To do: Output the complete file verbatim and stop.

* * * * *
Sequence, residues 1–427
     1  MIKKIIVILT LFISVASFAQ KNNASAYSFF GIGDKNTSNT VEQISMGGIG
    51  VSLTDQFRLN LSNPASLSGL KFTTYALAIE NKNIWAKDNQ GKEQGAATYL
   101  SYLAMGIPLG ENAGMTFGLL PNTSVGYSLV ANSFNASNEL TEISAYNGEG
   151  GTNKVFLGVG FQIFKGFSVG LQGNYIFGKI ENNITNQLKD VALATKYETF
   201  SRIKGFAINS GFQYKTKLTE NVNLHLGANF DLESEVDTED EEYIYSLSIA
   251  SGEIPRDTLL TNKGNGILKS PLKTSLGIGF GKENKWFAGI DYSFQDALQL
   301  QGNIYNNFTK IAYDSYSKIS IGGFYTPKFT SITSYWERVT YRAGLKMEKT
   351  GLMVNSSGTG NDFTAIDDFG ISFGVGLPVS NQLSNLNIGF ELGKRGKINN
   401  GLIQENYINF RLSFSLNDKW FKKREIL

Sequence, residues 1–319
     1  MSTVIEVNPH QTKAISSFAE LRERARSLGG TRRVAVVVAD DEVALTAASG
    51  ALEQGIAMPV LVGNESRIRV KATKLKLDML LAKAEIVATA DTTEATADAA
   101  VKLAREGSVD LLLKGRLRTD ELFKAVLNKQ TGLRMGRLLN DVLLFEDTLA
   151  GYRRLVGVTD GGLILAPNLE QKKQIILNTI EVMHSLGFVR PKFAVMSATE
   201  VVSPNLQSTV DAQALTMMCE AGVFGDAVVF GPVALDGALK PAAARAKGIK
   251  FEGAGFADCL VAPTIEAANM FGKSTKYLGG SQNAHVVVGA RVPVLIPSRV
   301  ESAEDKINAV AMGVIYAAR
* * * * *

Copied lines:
Sequence, residues 1–427
     1  MIKKIIVILT LFISVASFAQ KNNASAYSFF GIGDKNTSNT VEQISMGGIG
    51  VSLTDQFRLN LSNPASLSGL KFTTYALAIE NKNIWAKDNQ GKEQGAATYL
   101  SYLAMGIPLG ENAGMTFGLL PNTSVGYSLV ANSFNASNEL TEISAYNGEG
   151  GTNKVFLGVG FQIFKGFSVG LQGNYIFGKI ENNITNQLKD VALATKYETF
   201  SRIKGFAINS GFQYKTKLTE NVNLHLGANF DLESEVDTED EEYIYSLSIA
   251  SGEIPRDTLL TNKGNGILKS PLKTSLGIGF GKENKWFAGI DYSFQDALQL
   301  QGNIYNNFTK IAYDSYSKIS IGGFYTPKFT SITSYWERVT YRAGLKMEKT
   351  GLMVNSSGTG NDFTAIDDFG ISFGVGLPVS NQLSNLNIGF ELGKRGKINN
   401  GLIQENYINF RLSFSLNDKW FKKREIL

Sequence, residues 1–319
     1  MSTVIEVNPH QTKAISSFAE LRERARSLGG TRRVAVVVAD DEVALTAASG
    51  ALEQGIAMPV LVGNESRIRV KATKLKLDML LAKAEIVATA DTTEATADAA
   101  VKLAREGSVD LLLKGRLRTD ELFKAVLNKQ TGLRMGRLLN DVLLFEDTLA
   151  GYRRLVGVTD GGLILAPNLE QKKQIILNTI EVMHSLGFVR PKFAVMSATE
   201  VVSPNLQSTV DAQALTMMCE AGVFGDAVVF GPVALDGALK PAAARAKGIK
   251  FEGAGFADCL VAPTIEAANM FGKSTKYLGG SQNAHVVVGA RVPVLIPSRV
   301  ESAEDKINAV AMGVIYAAR